Key senators on Thursday said they want the Homeland Security Department to consider more aggressive tactics to try to stem the spread of swine flu, including the use of thermal imaging machines at border checkpoints to determine if a person entering the country has a fever. Senate Homeland Security and Governmental Affairs Chairman Joseph Lieberman, I-Conn., noted that some countries in Asia began using thermal imaging machines to screen travelers after the SARS outbreak in the late 1990s.
"Those are the types of things I think we have to think about," he said. "I'm not calling for the border to be closed. I understand the extraordinary economic dislocation that would result from that on both sides of the border, and probably personal dislocation as well."
House Homeland Security Committee ranking member Peter King, R-N.Y., said he agrees with Lieberman. "I just don't think that we should rule anything in or out," he said. "It's hard for me to say if you're urging people to stay away from someone who has swine flu why it may not be appropriate at some time to say, to prevent people from coming from the country where swine flu originated. If Mexico is going to be stopping people from going to church and holding gatherings, it might make sense for us to minimize the contact as well."
Administration officials continued to say there is no compelling reason to close the U.S. border with Mexico, although Homeland Security Secretary Janet Napolitano said she is open to closing individual ports of entry if needed.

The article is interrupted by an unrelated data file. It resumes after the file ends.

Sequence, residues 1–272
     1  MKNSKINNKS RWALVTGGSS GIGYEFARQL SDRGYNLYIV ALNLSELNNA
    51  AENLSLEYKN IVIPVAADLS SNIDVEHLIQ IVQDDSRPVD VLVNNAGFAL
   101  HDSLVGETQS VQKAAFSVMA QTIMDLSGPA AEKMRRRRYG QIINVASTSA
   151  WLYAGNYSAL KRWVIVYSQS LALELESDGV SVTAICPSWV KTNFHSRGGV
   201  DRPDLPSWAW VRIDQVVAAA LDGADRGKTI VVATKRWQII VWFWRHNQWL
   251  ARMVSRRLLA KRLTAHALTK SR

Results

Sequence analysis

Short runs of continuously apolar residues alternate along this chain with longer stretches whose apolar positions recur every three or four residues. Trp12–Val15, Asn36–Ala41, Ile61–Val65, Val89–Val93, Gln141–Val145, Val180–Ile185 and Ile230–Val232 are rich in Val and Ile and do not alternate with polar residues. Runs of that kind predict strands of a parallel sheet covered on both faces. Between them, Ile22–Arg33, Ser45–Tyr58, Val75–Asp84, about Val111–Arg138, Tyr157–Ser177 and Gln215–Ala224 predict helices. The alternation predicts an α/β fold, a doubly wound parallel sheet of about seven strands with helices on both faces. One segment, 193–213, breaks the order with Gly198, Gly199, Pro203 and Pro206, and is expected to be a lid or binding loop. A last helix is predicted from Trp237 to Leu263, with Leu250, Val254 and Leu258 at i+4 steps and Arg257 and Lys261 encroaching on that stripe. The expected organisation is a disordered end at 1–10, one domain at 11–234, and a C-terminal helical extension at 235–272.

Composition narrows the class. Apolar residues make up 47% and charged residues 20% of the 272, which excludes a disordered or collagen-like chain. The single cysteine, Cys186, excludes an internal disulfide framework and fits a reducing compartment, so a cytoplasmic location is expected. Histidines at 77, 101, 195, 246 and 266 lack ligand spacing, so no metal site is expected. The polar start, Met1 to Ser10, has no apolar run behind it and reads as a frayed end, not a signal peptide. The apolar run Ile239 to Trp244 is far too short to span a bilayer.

"If the public health officials tell us there would be some utility in closing a particular port, obviously we'll take that action, but to date there's been no such advice," she said on MSNBC. Vice President Joe Biden called closing the border "a monumental undertaking" that would do little to stop a virus that already has spread into 15 states.
In related news, during a Senate Appropriations Committee hearing, Secretary of State Hillary Clinton left the door open to providing financial aid to Mexico and other countries affected by the outbreak. She said Mexico and other countries have already asked for help in getting access to drugs to combat the flu, and she said the United States has sent medical and technical experts to Mexico to help with diagnosis. But she signaled the administration is also considering financial assistance.
"I would like to get back to you with a specific request," Clinton told the panel. The administration has requested that $1.5 billion be added to the fiscal 2009 war supplemental spending bill to help the battle against the flu, a request that Energy and Commerce Committee Chairman Henry Waxman, D-Calif., said he is sure Congress will approve.
Megan Scully contributed to this report.